There is a new phase in the generalization of management capacities, but contrary to the assumptions of critical management educators, the investment in the business school has not been to socialize more students into this generalized management, but to seek the principle of generalization in these students themselves as part of a struggle between capital and labour. Using the insights of autonomist feminist theorists, this article attempts to analyse why critical management education has been unable to find a new object appropriate to this new generalization of management, and speculates on what the critical and political benefits might be of escaping older notions of the business school as a site of socialization for a social category of managers.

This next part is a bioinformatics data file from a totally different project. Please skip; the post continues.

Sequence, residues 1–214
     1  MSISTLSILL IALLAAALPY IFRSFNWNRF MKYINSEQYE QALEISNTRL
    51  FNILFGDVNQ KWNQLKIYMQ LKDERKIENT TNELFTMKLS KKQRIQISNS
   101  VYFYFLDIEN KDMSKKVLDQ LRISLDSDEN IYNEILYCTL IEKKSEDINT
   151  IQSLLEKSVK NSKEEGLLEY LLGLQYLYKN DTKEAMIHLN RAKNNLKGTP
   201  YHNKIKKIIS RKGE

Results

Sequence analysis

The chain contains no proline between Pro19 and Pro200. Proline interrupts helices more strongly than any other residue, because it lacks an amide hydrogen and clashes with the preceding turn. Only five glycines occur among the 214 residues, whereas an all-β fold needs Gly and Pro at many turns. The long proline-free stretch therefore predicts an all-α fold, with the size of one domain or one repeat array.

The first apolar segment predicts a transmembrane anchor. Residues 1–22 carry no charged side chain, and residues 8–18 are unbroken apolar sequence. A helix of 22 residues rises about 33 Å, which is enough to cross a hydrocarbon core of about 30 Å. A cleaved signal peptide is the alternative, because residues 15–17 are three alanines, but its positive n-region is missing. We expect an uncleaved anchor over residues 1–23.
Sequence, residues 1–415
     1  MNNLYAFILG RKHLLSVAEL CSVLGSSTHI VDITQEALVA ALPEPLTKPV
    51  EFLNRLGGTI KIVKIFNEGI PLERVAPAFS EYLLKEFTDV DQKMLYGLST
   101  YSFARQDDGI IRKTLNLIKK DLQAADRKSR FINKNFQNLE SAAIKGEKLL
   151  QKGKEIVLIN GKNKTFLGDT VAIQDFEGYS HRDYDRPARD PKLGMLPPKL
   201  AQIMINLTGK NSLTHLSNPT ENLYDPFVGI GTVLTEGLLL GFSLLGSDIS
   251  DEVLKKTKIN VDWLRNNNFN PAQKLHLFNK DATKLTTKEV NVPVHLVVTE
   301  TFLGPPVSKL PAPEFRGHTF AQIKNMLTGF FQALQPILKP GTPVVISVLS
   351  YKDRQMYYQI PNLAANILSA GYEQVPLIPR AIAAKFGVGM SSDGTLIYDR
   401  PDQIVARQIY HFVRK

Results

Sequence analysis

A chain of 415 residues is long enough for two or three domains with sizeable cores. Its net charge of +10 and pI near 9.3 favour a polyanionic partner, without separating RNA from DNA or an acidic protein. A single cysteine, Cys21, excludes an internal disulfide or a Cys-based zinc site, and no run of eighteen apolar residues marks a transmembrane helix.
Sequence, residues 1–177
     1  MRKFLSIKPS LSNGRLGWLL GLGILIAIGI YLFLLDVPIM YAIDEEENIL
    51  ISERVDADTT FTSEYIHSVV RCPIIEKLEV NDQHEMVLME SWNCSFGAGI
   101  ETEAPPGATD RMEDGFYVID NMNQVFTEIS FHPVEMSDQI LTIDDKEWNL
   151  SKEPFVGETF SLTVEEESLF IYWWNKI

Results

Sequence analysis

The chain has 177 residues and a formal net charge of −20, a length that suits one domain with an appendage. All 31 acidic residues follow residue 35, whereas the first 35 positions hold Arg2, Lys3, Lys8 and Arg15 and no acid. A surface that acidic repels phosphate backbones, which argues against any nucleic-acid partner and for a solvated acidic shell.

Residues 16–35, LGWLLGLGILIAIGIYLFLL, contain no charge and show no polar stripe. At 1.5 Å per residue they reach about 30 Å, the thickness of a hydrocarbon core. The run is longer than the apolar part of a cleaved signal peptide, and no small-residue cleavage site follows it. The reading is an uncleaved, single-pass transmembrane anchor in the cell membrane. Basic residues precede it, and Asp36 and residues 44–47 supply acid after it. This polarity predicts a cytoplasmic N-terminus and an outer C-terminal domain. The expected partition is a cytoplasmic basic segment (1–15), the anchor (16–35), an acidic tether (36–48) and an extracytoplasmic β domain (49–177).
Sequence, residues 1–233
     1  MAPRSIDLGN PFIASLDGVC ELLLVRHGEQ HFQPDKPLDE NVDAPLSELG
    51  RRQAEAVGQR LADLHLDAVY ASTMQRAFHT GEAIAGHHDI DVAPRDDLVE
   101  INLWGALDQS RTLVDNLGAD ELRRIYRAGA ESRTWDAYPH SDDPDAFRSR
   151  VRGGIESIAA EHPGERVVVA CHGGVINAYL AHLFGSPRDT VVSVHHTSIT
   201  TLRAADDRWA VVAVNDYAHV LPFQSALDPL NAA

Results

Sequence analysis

socialization, autonomist feminism, management education
Business | Higher Education | Politics and Social Change
Strategy and Organisation
SAGE Publications (UK and US)
Socialization and the business school. (2007). Management Learning. 38, (2), 139-153. Research Collection Lee Kong Chian School Of Business.
Available at: http://ink.library.smu.edu.sg/lkcsb_research/5460
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